Excerpted from remarks to the Malmö International Forum on Holocaust Remembrance and Combating Antisemitism
It is of special importance that an international forum on antisemitism was hosted this week in Malmö, a modern coastal city in southern Sweden with an unfortunately lengthy history of contemporary antisemitism.
Just a few days ago, I had the opportunity to speak with Rabbi Shneur Kesselman, who lives right there in Malmö, as he recounted just a few of the over 100 instances of bullying, intimidation, and violence he has faced as a Jew in Sweden. I hoped that this forum would provide practical strategies to eliminate the persecution and prejudice he feels in the city and country he calls home, as well as to all Jews who feel the brunt of persecution and discrimination across the globe.
I am proud that nearly all 53 member organizations of the Conference of Presidents of Major American Jewish Organizations – 51 of 53 – have adopted the IHRA working definition of antisemitism. They have joined the ever-expanding community of nations, non-profits, universities, cities, towns, and sports teams that recognize the need to define antisemitism in order to better combat it.
As this international consensus continues to spread, it is imperative that we examine how to implement the IHRA definition on the local and national levels. This Working Definition needs to be a tool for prosecutors examining hate crimes, for educators teaching about bias, and for social media moderators tasked with removing hateful content. Earlier this year, the European Commission produced a stellar guide: the EU Handbook for the practical use of the IHRA working definition of antisemitism. Some countries have already begun to implement these recommendations, and we hope that many others will use this guidance as a roadmap for improved regulations and updated curricula. By embedding the principles of the IHRA definition within all aspects of society, we emphasize that this definition is not supposed to grow dusty on a shelf, but constantly works to combat antisemitism.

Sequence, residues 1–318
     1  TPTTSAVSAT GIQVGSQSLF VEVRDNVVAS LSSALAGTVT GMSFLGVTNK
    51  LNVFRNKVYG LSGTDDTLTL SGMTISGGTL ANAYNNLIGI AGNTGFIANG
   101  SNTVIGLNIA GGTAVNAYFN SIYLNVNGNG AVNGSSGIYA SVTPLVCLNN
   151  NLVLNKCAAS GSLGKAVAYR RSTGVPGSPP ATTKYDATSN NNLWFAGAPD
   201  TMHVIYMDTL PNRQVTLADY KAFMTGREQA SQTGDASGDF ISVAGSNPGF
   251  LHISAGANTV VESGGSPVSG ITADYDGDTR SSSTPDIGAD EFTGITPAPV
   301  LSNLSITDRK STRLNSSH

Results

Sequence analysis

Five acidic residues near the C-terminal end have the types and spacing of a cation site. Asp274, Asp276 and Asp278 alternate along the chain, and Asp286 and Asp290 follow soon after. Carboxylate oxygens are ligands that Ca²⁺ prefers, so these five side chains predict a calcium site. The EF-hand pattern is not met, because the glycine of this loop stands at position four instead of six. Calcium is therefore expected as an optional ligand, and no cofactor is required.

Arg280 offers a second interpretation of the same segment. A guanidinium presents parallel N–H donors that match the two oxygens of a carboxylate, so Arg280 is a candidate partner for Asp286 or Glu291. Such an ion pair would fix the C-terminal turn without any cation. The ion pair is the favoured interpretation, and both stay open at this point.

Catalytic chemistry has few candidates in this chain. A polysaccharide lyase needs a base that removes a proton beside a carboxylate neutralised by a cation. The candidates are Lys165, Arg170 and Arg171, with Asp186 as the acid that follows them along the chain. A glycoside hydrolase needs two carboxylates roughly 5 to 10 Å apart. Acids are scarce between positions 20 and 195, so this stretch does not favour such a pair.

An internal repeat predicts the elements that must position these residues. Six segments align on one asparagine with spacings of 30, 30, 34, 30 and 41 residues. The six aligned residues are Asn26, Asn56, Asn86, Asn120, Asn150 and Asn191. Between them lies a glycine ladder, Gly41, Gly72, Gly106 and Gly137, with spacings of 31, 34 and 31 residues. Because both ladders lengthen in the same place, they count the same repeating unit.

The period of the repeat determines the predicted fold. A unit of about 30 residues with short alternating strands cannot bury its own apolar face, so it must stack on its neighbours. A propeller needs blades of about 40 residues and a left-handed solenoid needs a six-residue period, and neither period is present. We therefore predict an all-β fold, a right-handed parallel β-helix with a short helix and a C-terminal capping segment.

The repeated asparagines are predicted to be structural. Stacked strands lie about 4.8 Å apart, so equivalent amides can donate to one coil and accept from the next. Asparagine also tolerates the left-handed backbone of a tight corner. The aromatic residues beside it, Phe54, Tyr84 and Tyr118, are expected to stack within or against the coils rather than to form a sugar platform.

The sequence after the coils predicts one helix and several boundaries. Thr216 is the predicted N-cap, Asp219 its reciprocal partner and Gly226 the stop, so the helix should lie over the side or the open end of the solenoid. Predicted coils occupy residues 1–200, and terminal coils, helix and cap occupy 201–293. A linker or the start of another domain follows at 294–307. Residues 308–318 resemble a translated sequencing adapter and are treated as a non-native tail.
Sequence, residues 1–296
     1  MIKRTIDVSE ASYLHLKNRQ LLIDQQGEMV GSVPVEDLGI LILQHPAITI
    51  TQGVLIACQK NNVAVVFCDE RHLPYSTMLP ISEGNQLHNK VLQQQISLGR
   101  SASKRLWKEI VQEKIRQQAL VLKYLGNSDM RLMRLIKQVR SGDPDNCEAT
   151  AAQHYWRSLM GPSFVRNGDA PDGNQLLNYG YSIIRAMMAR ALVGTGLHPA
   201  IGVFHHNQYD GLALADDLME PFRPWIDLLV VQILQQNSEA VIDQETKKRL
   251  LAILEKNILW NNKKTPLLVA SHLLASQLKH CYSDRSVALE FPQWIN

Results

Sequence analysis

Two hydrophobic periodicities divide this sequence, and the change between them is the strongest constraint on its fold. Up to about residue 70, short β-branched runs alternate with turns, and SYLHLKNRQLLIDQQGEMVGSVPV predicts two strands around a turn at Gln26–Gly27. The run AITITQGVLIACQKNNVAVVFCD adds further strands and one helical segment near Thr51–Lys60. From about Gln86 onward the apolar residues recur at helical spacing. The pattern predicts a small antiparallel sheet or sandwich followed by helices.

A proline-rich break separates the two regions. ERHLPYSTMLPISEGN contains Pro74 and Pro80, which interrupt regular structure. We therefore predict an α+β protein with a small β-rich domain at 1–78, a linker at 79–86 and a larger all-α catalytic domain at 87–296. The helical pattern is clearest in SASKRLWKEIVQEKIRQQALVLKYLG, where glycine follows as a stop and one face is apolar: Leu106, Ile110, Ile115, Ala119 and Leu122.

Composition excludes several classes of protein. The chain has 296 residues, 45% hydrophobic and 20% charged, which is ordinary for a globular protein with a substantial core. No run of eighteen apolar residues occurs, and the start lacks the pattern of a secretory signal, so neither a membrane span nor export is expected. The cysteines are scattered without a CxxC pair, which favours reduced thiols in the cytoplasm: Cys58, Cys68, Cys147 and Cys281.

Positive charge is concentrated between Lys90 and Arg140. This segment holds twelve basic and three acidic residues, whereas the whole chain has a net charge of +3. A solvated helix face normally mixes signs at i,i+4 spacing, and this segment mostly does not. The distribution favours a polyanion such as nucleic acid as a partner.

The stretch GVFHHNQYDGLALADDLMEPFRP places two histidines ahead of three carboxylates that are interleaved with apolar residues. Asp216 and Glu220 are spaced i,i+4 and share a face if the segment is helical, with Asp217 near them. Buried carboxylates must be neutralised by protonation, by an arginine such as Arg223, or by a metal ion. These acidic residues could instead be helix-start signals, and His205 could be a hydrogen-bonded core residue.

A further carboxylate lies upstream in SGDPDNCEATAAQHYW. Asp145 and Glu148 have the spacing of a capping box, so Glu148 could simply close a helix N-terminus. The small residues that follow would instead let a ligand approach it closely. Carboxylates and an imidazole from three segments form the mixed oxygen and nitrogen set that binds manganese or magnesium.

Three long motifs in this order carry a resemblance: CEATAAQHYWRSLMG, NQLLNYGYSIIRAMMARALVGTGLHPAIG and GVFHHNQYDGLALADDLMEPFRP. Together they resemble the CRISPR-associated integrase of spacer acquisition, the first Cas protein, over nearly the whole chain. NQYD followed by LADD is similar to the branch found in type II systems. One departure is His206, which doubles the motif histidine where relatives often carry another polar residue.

The consensus around this definition comes at a time when violence against Jews has not only spiked but mutated and spread.
We were all horrified by the destructive display of antisemitism in the United States this spring. Using the excuse of an engagement between Hamas terrorists and the IDF, assailants targeted Jews with violence and vandalized synagogues across the country. Although Jewish communities in Europe have faced such hatred before, including right here in Malmö, the American community must now reckon with a new reality of antisemitic attacks.
As we confronted these daily reports of violence, we were stunned by the conspicuous silence of many organizations purportedly devoted to social justice and minority rights. Any organization that believes that “Jews don’t count,” is one that must seriously reconsider its priorities and values. Ignoring the repeated targeting of our community in service of a prevailing narrative labelling Jews as wealthy, powerful, white oppressors only fuels antisemitic mendacities.
As nations and NGOs build partnerships across civil society to aid minority communities and combat bigotry, we must insist that the persecution of Jews be recognized for what it is – an act of hate.